Maria Tatar’s journey to a professorship at Harvard began with a fairy tale.
When the Denison German major was a young child, her older sister read her a book with many beautiful pictures. Tatar could not understand any of the words because they were written in another language. But the drawings cast a spell over her.
Tatar’s family left Hungary and settled in Highland Park, just outside Chicago, when she was five years old. “It was a rather dull suburb,” says Tatar ’67. “Oddly, for me, the library was where the action was.” There were the books, with their new exciting ideas, and even the transgressive option of tiptoeing out of the children’s section to hide in a corner and read books in the adult section.
The German-language book her sister had read to her was a collection of fairy tales by the Brothers Grimm, and, in addition to introducing her to the power of books and literature in general, it also foretold her career in German studies. “I grew up in the shadow of the Holocaust,” she says. But to Tatar, its horrors collided with the beauty of all the creative works produced in the country, notably by the likes of Thomas Mann, Franz Kafka, George Grosz, and Otto Dix. “The mix of the political pathology of the culture and what it produced in aesthetic terms seemed such a paradox to me.” She studied German at Denison and later earned a Ph.D. at Princeton in 1971, joining the faculty at Harvard shortly thereafter where she is a professor of German literature.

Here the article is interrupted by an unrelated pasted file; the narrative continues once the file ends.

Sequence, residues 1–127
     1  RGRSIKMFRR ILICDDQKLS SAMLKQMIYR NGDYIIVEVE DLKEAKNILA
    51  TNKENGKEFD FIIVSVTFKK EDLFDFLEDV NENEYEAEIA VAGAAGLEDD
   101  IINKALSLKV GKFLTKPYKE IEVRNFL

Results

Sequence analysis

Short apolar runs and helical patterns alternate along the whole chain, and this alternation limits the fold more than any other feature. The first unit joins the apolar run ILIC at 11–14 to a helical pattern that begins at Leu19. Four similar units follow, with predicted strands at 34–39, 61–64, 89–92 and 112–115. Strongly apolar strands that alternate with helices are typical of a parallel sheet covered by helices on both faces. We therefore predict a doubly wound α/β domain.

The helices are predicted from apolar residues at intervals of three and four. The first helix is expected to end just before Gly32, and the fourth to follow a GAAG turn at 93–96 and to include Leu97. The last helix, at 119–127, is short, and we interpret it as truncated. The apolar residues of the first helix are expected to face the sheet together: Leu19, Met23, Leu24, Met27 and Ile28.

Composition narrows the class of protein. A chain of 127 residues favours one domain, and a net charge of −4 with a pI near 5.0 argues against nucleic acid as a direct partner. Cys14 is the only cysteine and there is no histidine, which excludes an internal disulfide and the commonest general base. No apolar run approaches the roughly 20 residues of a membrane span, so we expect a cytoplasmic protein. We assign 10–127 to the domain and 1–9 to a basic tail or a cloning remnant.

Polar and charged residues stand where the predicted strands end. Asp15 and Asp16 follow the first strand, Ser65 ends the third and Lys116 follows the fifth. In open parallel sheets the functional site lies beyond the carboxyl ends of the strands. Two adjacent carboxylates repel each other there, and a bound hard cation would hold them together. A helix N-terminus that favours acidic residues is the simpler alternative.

It wasn’t until the early 1980s that she rediscovered the Grimm fairy tales, pulling it out one night as one of her kids’ bedtime story selections. “I remember reading them ‘The Juniper Tree’—and heavily editing it as I went along.” (The story contains, among other things, an evil stepmother who beheads her stepson and cooks him in a stew served to his father.) “And I started wondering, ‘Why is it that I had a 15-page, single-spaced reading list in graduate school and the Grimms weren’t on it?’” She released her first book on the subject, The Hard Facts of the Grimms’ Fairy Tales—a scholarly reconsideration of the tales in their original, unedited state—in 1987.
When she started writing about fairy tales, her academic colleagues were perplexed. “No one talked about the Grimms as collectors. Fairy tales were told by Disney. They were cartoons. They were for children. It was fun to go watch them with your kids, but you’d never dream of trying to analyze them,” she says. “Folklore wasn’t even marginalized; it wasn’t on the periphery. It just wasn’t done.” But she pushed on, hooked by the universal appeal of the work. Now, instead of spending six months writing a paper on an arcane topic of interest to a half dozen other colleagues, Tatar’s new line of inquiry seemed to be an instant conversation-starter. “Part of the incentive was satisfying my curiosity about these stories, but a large part of the thrill came from the fact that everyone connected with this material. They knew ‘Little Red Riding Hood,’ and they had questions about it.”
But fairy tales, Tatar says, had to labor through the same quest for academic acceptance as pursuits like film studies. “It’s hard to imagine now that at one time, film studies was a field that was considered not quite academically legit,” she says. “Now, you’d be hard pressed to find a liberal arts curriculum without it.” Children’s literature, she says, is on the same trajectory.